In my last blog, Stop Acting Rich: Good Advice from a Frugal Engineer, I mentioned that even some decamillionaires (9%) mow their own lawns. Most do so because they enjoy doing it. Plus it is good exercise. But there can be certain drawbacks associated with mowing grass. Such visual do-it-yourself activities and behaviors are often frowned upon in certain types of neighborhoods. Robert found this out just after he and his family moved into their 1.2 million dollar home (the couple paid cash for it). The neighborhood was filled with other pricey homes. And what happens when new neighbors move into a so-called affluent neighborhood? There is heightened concern among the established neighbors about whether or not the newcomers will conform to “neighborhood norms.”
Robert and his family moved into their home on a Saturday. On Sunday afternoon he mowed his front yard. The next day his wife found a note in their mailbox that read as follows: “In this neighborhod, homeowners do not mow their own lawns.”
In a related case study, Roger, a very wealthy entrepreneur, and his family finished moving into their 2.5 million dollar home on a Saturday afternoon. He had recently “cashed in some of his chips” and paid cash for the new home. The market value of the home was “just average” for this affluent neighborhood. At the time, Roger had yet to contract with a lawn maintenance company. After donning his Marine fatigues, he took out his old lawn mower, filled the tank with gasoline, and, after many pulls, started the machine. About half way through mowing the front yard, his next door neighbor walked up and motioned for him to turn off the mower. The neighbor’s intent was not to do a “welcome new neighbor” act. Instead he asked: When you finish would you stop over and give me an estimate for our lawn and shrubs? Our guy just retired. The new homeowner replied: I’d be delighted . . . always looking for new customers.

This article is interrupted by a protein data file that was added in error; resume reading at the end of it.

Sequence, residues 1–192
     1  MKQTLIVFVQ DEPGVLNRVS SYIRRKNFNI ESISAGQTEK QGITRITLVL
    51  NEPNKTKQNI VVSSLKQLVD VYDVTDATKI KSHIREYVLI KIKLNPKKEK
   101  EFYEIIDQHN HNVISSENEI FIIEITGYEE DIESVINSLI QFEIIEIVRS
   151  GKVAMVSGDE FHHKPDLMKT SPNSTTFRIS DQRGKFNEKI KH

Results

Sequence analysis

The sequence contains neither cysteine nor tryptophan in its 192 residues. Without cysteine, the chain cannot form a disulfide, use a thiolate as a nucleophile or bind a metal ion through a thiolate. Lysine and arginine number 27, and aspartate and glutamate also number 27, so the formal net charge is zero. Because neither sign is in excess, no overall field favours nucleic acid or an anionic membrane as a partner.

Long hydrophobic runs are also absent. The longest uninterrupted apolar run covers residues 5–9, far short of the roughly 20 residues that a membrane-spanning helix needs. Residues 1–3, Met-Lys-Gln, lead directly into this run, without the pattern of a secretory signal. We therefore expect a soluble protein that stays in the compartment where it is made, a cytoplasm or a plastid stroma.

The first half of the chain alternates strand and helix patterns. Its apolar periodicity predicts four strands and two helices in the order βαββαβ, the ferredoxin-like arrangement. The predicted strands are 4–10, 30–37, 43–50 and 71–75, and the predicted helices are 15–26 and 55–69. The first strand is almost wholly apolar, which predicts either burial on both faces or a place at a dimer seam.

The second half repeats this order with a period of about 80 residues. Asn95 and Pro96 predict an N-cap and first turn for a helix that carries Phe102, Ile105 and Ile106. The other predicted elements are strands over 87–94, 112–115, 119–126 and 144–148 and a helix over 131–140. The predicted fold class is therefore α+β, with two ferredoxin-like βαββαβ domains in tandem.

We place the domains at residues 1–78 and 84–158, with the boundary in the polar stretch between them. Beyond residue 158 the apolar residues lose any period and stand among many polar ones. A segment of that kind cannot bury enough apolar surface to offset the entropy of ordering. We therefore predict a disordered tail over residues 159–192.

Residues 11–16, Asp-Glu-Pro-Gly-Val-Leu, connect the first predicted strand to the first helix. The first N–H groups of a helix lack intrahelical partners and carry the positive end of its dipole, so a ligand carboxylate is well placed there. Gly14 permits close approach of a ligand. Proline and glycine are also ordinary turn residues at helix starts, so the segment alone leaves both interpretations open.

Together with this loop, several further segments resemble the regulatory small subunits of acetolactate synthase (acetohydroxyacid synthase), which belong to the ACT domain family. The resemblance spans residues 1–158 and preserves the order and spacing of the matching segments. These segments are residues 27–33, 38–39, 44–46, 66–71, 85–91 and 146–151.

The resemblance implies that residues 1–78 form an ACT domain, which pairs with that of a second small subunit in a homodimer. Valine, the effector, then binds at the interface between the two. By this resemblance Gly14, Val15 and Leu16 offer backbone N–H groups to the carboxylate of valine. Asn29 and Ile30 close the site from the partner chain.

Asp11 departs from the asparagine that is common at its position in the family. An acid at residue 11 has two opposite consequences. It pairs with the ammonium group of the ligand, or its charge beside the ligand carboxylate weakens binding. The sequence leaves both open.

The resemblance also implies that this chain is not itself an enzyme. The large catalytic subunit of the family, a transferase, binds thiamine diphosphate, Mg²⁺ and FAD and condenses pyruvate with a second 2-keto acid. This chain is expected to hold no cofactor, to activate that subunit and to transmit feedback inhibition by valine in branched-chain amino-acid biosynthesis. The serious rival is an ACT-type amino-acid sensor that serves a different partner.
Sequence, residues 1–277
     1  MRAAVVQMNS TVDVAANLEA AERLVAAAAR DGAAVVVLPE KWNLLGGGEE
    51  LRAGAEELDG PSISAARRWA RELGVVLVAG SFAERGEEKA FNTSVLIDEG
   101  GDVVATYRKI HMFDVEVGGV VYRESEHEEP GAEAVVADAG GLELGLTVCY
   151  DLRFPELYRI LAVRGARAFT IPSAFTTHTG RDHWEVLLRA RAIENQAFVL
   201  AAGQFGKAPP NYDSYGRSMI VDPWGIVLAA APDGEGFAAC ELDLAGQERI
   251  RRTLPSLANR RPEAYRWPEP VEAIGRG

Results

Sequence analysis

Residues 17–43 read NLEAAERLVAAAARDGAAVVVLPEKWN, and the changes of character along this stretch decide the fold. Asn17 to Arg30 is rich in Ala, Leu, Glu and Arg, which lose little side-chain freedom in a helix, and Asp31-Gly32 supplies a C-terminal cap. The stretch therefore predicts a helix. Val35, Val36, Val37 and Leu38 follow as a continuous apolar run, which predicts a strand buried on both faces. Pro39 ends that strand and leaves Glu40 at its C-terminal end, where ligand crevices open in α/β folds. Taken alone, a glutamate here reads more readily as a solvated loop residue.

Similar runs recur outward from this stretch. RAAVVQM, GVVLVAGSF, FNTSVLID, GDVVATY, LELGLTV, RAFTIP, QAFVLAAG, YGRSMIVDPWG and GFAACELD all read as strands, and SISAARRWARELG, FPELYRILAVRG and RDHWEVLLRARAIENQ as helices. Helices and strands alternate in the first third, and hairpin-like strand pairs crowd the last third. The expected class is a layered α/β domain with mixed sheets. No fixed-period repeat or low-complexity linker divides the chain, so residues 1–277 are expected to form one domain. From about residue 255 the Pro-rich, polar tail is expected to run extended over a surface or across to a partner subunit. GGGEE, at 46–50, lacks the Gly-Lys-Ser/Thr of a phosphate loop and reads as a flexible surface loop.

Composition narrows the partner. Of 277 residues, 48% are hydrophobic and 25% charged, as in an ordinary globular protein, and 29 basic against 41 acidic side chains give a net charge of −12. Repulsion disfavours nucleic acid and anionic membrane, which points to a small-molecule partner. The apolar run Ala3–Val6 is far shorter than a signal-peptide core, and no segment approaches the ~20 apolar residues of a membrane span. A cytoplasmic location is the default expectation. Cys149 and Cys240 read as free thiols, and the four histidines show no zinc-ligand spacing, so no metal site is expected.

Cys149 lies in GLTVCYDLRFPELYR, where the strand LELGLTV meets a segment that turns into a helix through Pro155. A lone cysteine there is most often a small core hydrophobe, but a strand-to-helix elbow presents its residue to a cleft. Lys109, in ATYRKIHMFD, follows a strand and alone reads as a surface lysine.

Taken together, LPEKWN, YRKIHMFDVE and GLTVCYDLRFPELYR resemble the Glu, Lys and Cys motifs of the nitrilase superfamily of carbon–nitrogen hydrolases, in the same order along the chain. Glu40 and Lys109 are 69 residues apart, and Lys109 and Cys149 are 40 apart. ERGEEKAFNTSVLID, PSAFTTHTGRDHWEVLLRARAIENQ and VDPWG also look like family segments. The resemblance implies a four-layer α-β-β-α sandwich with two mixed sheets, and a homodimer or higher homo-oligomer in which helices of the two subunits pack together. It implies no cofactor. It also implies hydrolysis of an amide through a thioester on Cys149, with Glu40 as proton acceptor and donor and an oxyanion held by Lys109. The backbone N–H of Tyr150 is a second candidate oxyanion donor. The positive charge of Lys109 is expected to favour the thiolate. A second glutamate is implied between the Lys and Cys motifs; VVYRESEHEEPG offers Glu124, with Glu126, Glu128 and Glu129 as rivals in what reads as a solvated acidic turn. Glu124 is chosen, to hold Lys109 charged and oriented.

It was not difficult for the neighbor to mistake Roger for a lawn maintenance professional. People who live in tony neighborhoods are not expected to mow. Plus Roger’s Ford 250 superduty pickup truck was probably noticed by his next door neighbor as well. What his neighbor did not see was Roger’s balance sheet, somehwere in the mid eight figure range!
Neither Robert nor Roger were upset (insulted) by their respective neighbors’ reactions. Both gentlemen are of the balance sheet affluent (BA) variety. And most BAs believe correctly that they have more wealth accumulated than the majority of their neighbors.
People often ask me if they should mow, paint, plumb, do carpentry and related do-it yourself activities in and around their homes. It tell them: Do it if you enjoy it or if you can’t easily afford to pay professionals to do it for you.